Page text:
Around the globe, people are divided in their opinions of China. A median of 40% across 34 countries surveyed have a favorable view of China, while a median of 41% have an unfavorable opinion. The country’s most positive ratings come from Russia (71% favorable), Nigeria (70%) and Lebanon (68%). The most negative views are found in Japan (85% unfavorable), Sweden (70%) and Canada (67%). (For more information on global views of China, see “People around the globe are divided in their opinions of China.”)
In Canada and the United States, the increase in unfavorable views this year represents the largest year-over-year change since the question was first posed in 2005. In Canada, unfavorable opinions increased 22 percentage points in the wake of the high-profile arrest of technology company Huawei’s chief financial officer and the ensuing Chinese detainment of two Canadian nationals who still remain in Chinese custody, while in the U.S. unfavorable opinions increased 13 points.
Age is a factor in how people view China. In 19 countries, those ages 18 to 29 are more likely than those ages 50 and older to hold a favorable view of China.
In 19 countries, those who say their national economic situation is good have a more positive outlook on China. In Lithuania, 55% of those who grade their economy as good have a favorable view of China; just 33% of those who say the economy is in poor shape share that opinion, a 22-point gap. Similarly large differences exist in Hungary (19 points), Slovakia (17), South Korea (17), Israel (16), Ukraine (16), Kenya (15) and South Africa (15).
Views of China tend to be most negative in countries with the highest per capita gross domestic product, including the U.S., Netherlands, Sweden and Germany. At the opposite end of the spectrum, countries with lower GDP per capita are less negative – including Kenya, Nigeria, Ukraine and Tunisia. Japan stands out as being much more negative toward China than other nations with similar levels of wealth, and this may be partially attributed to long-standing historical grievances between the two nations.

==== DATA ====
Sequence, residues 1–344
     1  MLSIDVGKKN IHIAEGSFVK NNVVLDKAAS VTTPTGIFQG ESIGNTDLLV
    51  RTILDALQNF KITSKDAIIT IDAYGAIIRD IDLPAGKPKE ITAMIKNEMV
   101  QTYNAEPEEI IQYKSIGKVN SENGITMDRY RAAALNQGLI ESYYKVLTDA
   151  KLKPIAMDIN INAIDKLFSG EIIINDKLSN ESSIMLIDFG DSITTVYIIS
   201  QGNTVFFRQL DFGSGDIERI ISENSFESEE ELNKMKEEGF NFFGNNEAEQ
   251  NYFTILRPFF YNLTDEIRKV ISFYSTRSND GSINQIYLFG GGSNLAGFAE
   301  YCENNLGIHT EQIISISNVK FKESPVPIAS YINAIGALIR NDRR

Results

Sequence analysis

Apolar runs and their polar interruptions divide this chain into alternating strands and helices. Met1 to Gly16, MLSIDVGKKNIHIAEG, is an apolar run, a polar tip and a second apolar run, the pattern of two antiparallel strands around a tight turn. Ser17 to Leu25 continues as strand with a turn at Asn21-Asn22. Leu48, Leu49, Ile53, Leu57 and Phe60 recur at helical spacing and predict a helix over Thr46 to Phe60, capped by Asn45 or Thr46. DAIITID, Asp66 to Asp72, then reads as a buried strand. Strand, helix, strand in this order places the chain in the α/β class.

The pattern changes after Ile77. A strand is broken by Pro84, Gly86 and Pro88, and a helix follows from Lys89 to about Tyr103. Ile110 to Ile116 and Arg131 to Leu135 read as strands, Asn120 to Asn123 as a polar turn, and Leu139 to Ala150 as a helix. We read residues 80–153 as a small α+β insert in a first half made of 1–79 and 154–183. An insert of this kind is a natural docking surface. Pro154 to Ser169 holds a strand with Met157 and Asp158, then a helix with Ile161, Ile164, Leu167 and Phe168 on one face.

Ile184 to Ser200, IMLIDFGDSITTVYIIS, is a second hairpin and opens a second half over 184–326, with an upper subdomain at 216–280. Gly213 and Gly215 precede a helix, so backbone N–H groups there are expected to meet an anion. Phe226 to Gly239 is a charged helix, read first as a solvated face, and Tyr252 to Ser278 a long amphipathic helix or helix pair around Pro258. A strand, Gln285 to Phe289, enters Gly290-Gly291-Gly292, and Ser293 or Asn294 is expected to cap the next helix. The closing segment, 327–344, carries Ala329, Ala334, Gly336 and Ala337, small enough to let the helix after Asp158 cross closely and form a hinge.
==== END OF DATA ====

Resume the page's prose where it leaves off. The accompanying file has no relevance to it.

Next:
The relationship between GDP per capita and unfavorable views of China may be due in part to the relative political freedoms in these countries, as views of China are also closely related to citizens’ enjoyment of their rights. Previous Center research on China illustrated a strong relationship between global views of China and perceptions about the state of civil liberties domestically for Chinese citizens, and a similar pattern continues beyond China’s borders. Countries whose citizens have more freedoms, as measured by Freedom House, tend to have less favorable views of China. For example, Russia’s aggregate Freedom House score is 20 on a 100-point scale, the lowest among the countries included in the survey, but Russians give China the highest favorable rating (71%). On the opposite end of the spectrum, Sweden receives a perfect 100 from Freedom House, while just 25% of Swedes have positive views of China.
Similarly, the higher a country’s perceived level of corruption, as designated by Transparency International, the more favorably that nation tends to view China. Nigerians, for instance, fare the worst on the corruption scale among the countries included in this survey. Meanwhile, 70% of Nigerians have a favorable view of China, second only to Russians. But both the level of civil liberties and corruption within a country closely track with overall GDP per capita.
In contrast, investment from China is only weakly related to views of China across the countries included in this survey. Despite pouring hundreds of billions of dollars into the Belt and Road Initiative, especially in emerging economies, the size of capital investments or construction contracts funded by Beijing in a country is only weakly related to that country’s overall views of China. Indonesia, for example, has received more than $47 billion for capital investment and construction projects from China since 2005, but attitudes toward China in the country are split evenly, with 36% favorable and 36% unfavorable. On the other hand, China has sent Nigeria $44 billion in the same time, and 70% of Nigerians view China favorably.